Writing Tips: People Like You
- Choose a character who intrigues you, perhaps one from an earlier exercise. Put that character in a brief scene, where you can oberserve her/him. Let her/him interact with other characters while you watch. There needn't be tension in the scene. The character needn't talk about herself/himself. You are trying to see the character in action and not some observations about her/him.
- Think of a person you know whom, you've felt that you really don't know at all. Something about the person's behavior simply mystifies you. Write about this person, in descriptions and in recollected scenes. Try to find out more about this person in your writing.
- List at least a half-dozen people you know who interest you enough to write about them. Describe why you find them interesting. If you want, re-create them as fictional characters, making up new names and changing some aspects of their personalities, but leaving the real people pretty much as they are.
- Combine aspects of two of the people or characters on the list you made in the previous exercise above, turning them into a single character, one who embodies elements of both characters. If you want, place that character in a scene or situation.
- Combine aspects of four of the people or characters on your list, turning them into a single character. Try to pick aspects that are in some way related, making the character complex but not too fractured.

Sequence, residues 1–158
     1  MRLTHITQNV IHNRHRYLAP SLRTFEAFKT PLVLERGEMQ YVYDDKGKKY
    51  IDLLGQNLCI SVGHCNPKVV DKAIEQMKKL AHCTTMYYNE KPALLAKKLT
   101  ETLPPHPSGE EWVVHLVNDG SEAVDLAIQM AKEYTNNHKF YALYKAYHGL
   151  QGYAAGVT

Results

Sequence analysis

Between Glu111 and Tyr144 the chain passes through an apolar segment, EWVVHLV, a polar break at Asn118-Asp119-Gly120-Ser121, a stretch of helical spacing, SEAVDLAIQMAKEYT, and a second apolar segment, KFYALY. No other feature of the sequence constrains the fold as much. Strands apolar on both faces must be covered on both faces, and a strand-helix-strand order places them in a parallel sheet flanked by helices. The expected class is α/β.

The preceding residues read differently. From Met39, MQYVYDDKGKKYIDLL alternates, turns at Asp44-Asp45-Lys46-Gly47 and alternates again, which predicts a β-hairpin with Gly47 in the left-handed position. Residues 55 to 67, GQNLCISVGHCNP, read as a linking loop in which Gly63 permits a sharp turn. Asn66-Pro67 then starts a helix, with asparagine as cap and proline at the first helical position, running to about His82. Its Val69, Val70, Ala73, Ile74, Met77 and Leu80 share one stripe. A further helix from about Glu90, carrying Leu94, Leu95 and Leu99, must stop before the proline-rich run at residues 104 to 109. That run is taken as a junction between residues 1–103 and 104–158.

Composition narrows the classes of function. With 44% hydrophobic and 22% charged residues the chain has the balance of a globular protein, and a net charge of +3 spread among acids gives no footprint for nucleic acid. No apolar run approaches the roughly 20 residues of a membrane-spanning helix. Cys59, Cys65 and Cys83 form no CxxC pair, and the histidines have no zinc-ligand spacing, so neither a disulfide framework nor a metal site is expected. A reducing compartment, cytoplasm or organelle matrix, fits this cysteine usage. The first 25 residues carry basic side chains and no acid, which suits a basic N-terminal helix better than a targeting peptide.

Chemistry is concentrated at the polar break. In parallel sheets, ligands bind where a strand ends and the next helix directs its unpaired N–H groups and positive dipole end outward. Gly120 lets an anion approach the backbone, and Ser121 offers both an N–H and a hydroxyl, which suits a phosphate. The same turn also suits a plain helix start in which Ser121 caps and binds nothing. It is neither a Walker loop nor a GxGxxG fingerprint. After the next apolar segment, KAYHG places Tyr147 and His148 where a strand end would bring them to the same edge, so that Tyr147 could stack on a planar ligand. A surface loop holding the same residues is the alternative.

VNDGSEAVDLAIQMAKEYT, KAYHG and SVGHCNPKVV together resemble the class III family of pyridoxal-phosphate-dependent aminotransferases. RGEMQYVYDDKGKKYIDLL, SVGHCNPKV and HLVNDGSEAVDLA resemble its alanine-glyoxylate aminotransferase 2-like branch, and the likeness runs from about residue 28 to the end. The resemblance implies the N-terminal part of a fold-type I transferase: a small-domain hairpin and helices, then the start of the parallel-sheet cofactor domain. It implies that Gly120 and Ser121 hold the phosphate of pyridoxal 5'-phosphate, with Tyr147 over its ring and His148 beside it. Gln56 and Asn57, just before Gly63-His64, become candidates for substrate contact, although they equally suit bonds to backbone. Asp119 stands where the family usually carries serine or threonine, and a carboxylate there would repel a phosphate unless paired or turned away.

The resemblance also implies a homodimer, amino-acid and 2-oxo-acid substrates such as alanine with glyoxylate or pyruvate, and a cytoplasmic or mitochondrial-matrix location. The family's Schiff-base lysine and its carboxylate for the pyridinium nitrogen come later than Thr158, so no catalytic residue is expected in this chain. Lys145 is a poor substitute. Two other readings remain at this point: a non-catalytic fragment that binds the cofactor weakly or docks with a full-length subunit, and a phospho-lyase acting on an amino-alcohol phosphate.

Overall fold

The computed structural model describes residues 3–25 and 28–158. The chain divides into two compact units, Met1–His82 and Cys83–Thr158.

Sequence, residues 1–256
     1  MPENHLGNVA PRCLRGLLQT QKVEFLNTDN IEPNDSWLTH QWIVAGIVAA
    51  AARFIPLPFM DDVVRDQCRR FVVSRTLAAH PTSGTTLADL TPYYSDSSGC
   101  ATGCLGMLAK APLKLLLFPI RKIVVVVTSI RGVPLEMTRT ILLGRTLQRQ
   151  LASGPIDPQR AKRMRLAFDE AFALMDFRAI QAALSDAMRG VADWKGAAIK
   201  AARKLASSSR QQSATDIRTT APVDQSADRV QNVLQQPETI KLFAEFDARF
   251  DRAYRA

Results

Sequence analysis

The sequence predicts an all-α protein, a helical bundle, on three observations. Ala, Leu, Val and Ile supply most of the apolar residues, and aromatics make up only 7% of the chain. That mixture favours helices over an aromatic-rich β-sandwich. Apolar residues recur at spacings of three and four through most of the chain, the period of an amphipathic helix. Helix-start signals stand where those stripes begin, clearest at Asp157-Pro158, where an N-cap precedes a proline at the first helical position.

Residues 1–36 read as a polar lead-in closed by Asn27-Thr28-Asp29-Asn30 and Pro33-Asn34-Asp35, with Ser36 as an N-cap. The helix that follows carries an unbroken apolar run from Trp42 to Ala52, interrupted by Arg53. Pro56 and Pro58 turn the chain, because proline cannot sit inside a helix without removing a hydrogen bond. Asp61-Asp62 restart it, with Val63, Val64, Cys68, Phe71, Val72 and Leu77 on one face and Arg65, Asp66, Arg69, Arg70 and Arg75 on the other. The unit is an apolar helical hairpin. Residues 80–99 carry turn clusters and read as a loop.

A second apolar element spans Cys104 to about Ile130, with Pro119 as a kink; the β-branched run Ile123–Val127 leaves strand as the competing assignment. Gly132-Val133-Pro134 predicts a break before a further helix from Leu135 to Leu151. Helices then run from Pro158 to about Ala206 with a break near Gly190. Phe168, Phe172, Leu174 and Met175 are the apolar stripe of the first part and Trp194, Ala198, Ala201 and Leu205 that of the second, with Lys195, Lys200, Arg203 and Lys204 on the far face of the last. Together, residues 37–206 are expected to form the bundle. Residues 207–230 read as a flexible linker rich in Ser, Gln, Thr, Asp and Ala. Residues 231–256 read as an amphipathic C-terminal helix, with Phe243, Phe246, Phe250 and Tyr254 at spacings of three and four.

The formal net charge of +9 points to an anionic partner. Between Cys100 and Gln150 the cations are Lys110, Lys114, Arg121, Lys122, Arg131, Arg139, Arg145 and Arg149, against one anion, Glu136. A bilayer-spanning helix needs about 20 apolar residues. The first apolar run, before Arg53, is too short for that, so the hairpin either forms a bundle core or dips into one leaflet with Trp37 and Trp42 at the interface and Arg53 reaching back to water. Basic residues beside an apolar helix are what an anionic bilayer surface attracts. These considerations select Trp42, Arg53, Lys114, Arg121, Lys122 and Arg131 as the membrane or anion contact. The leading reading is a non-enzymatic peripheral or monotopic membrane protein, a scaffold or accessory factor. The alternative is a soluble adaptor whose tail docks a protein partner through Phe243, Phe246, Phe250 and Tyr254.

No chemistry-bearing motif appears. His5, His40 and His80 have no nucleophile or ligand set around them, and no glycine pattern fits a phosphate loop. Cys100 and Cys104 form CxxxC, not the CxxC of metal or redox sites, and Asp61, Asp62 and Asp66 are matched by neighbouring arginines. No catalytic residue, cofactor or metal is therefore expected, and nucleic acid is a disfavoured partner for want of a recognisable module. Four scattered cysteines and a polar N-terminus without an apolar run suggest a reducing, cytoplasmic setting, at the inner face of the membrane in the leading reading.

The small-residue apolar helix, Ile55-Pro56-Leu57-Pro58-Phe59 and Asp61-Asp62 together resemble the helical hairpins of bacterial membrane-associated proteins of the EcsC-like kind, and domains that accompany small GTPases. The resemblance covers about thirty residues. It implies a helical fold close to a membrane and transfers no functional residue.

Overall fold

- Practice your powers of observation. Go to a party or some group gathering and be consciously aware of what's happening around you. What taps his foot? Who flounces her hair? Who brags? Who mumbles? Who is the liar? Who is trying out a new look? Who fidgets? Who laughs loudly? And listen to what people are telling you and how they speak. Try to pick up an unusual rhythms of speech. When you get home from the gathering, write down your observations. Keep the notebook handy. When you're stuck for a detail or description for a character, your notebook can supply what you need.
- Flip through some magazines and find a picture of a person who looks interesting. Don't choose a celebrity or someone about whom you know anything. Don't read the caption. Cut out the picture and put it in your desk. Now freewrite about the person, creating a character sketch. Write about the person's life, her problems and her goals, her background, whatever comes to mind. Move toward some conflict in which the character can be involved. Then write a scene to explore that conflict. If it interests you, then keep going. Try this exercise every day for a week, choosing a new picture for each writing day. Keep these characters and pictures in a file and begin building a stable of characters.
- Use at least two of the characters from your stable, putting them together in a scene. Force them to talk to each other. If you want, make the scene a first meeting. Put these strangers in a waiting room or on a bus or in an elevator, some place where they will have to talk. Force the proximity.
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@ Lonely Procrastinator - Thanks. You'll never believe what you'll hear in an elevator. Ideas are everywhere.